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Rick Shapiro
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Hide-and-Seek: When Surgical Tools Are Left Inside Patients

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Best Medical Malpractice Lawyers in VirginiaImagine you are a patient suffering serious complications after surgery. If the complications were caused by a doctor who accidentally left part of a surgical tool or a sponge inside your body, no one is required to tell you that. Believe it or not, no doctor, surgeon or nurse is even require to report the surgical error.

Even if the doctor figures out that there is something missing, and a broken off piece of the device is left inside your body, if the doctor does not believe it will create an adverse event, the doctor need not state anything about it. Does that strike you as amazing?

During most surgeries, hundreds of instruments, towels, even robots, are employed. Losing track of the instruments is easy, especially suring laparoscopic procedures when a surgeon watches the placement of very small devices on a video monitor.

True Story: Hide & Seek With Retained Surgical Tools

My Virginia (VA) personal injury law firm partner James C. Lewis recently took a deposition from a very experienced North Carolina (NC) surgeon who uses robotic laparoscopic instruments. The surgeon's patient had major complications after laparoscopic surgery, and the surgeon had to do a second exploratory surgery to determine what was causing the patient's health problems. The surgeon discovered a small piece of a surgical instrument that had broken off inside the patient.

The surgeon admitted what the object was and conceded it must have come loose during the first surgery. However, he also found a nick or perforation that he believed was directly causing the complications the patient was suffering. The patient was hospitalized for many weeks and suffered horribly for months.

The surgeon admitted in his deposition during the medical malpractice suit that the cut area, also known as a perforation, must have been caused during his first surgery. The surgeon eventually concluded that a malfunction in the cutting instrument must have caused the perforation, unbeknownst to him. He knew there had been a malfunction, but did not know it caused the perforation.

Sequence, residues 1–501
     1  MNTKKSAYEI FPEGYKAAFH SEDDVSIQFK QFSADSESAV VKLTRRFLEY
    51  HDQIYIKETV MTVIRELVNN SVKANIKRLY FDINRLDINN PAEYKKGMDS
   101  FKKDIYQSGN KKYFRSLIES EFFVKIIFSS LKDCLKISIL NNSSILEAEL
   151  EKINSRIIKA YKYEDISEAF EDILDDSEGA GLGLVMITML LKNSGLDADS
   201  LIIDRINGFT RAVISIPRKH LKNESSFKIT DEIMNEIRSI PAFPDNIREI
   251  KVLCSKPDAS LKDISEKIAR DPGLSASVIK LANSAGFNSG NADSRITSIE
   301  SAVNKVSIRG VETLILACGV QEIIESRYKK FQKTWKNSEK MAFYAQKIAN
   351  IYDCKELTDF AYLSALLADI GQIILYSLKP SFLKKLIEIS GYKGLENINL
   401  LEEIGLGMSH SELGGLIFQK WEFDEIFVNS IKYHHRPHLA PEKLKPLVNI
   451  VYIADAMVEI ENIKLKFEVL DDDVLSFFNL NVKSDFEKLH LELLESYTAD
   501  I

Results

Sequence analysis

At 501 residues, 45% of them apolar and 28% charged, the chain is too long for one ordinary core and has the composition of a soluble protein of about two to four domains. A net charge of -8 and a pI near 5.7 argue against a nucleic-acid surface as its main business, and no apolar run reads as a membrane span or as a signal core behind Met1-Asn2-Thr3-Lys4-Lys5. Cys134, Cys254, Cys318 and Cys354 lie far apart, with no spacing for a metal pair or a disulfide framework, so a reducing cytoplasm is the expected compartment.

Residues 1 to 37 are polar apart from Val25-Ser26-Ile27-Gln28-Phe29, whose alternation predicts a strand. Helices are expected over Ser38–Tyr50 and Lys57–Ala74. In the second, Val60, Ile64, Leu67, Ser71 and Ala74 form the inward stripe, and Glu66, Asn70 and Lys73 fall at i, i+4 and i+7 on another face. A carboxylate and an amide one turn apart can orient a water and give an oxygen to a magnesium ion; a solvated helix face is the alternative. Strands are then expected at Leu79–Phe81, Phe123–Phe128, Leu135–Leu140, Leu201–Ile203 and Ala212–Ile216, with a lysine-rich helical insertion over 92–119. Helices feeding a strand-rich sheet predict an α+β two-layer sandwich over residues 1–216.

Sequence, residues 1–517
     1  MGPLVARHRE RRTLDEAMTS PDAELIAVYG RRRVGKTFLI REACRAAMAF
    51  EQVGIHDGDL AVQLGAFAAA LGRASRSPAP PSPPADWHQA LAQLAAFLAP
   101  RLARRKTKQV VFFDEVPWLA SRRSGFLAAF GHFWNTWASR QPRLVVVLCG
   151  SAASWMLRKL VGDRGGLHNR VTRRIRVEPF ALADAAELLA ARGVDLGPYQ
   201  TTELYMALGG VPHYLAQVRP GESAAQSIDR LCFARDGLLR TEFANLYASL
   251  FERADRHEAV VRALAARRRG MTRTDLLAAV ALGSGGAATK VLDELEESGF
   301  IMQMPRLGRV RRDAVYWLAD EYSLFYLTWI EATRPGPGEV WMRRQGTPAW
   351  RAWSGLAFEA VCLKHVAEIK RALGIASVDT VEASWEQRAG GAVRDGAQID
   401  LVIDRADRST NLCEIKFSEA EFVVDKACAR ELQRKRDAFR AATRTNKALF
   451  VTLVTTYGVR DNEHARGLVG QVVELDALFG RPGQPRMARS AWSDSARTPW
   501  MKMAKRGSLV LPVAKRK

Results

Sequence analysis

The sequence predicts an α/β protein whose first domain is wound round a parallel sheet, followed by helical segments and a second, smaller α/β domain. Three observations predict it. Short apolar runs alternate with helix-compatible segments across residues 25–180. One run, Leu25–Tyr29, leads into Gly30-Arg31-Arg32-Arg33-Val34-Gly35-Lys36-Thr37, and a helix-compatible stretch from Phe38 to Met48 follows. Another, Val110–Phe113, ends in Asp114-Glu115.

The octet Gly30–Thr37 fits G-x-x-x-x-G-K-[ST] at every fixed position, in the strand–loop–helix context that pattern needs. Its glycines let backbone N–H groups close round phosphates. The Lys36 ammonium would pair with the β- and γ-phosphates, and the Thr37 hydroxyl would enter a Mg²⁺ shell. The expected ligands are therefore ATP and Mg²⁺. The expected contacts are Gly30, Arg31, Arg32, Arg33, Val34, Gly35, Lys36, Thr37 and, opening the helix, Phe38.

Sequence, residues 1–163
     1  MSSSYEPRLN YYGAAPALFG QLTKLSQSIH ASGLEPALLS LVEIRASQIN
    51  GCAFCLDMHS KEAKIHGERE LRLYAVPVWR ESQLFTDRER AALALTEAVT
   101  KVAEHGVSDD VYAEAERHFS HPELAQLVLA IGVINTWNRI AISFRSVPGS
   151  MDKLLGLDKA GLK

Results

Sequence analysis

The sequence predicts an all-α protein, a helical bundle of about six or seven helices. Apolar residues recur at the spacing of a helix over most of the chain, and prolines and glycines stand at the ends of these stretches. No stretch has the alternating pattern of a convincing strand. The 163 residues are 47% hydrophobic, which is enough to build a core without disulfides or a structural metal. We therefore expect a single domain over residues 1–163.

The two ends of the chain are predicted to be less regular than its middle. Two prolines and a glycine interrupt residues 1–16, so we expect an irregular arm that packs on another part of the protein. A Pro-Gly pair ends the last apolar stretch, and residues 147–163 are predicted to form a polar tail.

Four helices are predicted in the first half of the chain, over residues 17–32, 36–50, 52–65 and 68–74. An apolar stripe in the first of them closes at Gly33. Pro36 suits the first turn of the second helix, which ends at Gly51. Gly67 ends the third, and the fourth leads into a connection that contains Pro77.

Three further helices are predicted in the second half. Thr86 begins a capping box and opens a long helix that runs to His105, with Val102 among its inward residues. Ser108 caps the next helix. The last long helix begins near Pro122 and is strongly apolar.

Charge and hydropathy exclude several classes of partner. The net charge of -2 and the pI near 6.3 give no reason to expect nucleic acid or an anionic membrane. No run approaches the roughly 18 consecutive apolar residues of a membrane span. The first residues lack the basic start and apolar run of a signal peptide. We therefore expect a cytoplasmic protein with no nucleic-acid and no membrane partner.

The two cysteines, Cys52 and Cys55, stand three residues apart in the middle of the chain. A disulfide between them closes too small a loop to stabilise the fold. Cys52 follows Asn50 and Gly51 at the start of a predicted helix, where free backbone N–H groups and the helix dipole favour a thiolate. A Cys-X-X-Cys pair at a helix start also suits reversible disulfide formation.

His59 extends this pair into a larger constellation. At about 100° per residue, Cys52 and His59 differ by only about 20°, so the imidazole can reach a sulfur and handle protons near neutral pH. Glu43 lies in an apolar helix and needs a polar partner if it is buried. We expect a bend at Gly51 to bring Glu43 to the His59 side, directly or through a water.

After the second surgery, the surgeon turned the small piece of broken-off carbon to the risk management department of the hospital, but never mentioned the discovery anywhere in his second written surgical report (it also did not appear in the original report).

The surgeon testified that he did not put it in his reports because he did not believe there had been any adverse consequence to the patient.

The surgical instrument in question was a robotic laparoscopic device called a “Da Vinci.” This is a state-of-the-art robotic device commonly used by surgeons around the country for many procedures, including hysterectomies.

It appears as though the current policy is simple: trust your surgeon. I do trust my doctors but the status quo asks doctors to self-police. This means voluntarily disclosing the information that may verify their own medical malpractice or at least verify their own violation of the medical standard of care. That could mean trouble, folks. Even turning the surgical tool or item over to risk management doesn't really trigger any special requirements.

Lack of Mandatory Reporting Under Regulations or Governing Standards

We checked with the Virginia State Board of Medicine, to learn what medical regulations or requirements exists with regard to tools or devices left inside patients. What we learned is that the medical board does not require reports of what it formally calls a “retained surgical item,” or RSI. We further found no federal or state regulation governing such reports if the surgeon claims she is unaware of any adverse result.